A club philosophy, first-team recruitment and wholesale improvements: What will Dan Ashworth’s priorities at Newcastle United be?
Dan Ashworth will become Newcastle United’s new sporting director - but what will be his first priorities at the club?
Ashworth comes to Newcastle with great hype following success at the FA, West Brom and most recently Brighton and Hove Albion.
But what will be his first priorities at the club and how will Newcastle benefit from Ashworth’s huge experience in football?
Overarching everything Ashworth will do at Newcastle United will be implementing and realising a long-term vision for the club.
Gone are the days of Newcastle United lurching from season-to-season, being a reactive rather than proactive club.
Newcastle’s new owners have already delivered what their hopes for the future are, with European and domestic glory very much in their dreams - and it will be Ashworth that is tasked with delivering on these promises.
His work will be focussed on putting in place all of the structures and pathways behind the scenes to help give the first-team the best possible chance of being successful on the pitch.
West Brom, the FA and Brighton have all enjoyed success under Ashworth - now it’s hopefully Newcastle United’s turn to reap the rewards.
After a season of simply ensuring their Premier League survival at all costs, Newcastle need a direction and a plan in place to deliver on their hopes and dreams.
One of the key components of Ashworth’s job will be to help create and maintain pathways for younger players to make their impact on the first-team.
For too long Newcastle have had a scatter-gun approach to youth development hoping for success stories, rather than a clear structure in place to deliver success time after time.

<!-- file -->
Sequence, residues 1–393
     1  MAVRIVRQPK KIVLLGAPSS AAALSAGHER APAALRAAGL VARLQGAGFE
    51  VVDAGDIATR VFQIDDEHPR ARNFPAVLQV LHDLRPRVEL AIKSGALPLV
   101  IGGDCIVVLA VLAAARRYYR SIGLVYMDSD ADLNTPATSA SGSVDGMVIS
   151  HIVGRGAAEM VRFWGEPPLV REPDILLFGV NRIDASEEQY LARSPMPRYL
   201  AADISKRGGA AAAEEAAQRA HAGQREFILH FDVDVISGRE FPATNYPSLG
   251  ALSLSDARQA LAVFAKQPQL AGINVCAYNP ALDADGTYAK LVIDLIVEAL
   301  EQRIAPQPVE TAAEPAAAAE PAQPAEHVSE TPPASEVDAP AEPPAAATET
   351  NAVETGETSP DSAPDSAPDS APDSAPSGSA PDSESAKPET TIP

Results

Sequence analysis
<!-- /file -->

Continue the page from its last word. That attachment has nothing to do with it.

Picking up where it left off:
England’s national side, under Ashworth’s guidance, markedly-improved their pathways for younger players coming through the ranks - could this be replicated at Newcastle?
There’s also the potential for the Newcastle United Women’s team to develop and if Brighton’s progress can be matched, then exciting things are in-store on Tyneside.
In 2015, the Seagulls implemented a five-year plan to become a Super League side - they reached this aim within three years.
Following an attendance of 22,134 at St James’s Park for their match with Alnwick Town, the demand for women’s football in Newcastle is clear to see and with the drive from Amanda Staveley, coupled with the direction set by Ashworth, it is certainly one aspect of the club that will get a huge lift in the near future.
Ashworth has also previously commented on how it was essential for a club to implement a philosophy and stick to their beliefs - even when results aren’t forthcoming on the football pitch.
This starts with the management structure by giving them the resources they need to deliver on this vision.
Whilst he will undoubtedly be tasked with achieving the club’s medium to long term goals, Ashworth will certainly have a role to play in this summer’s transfer window.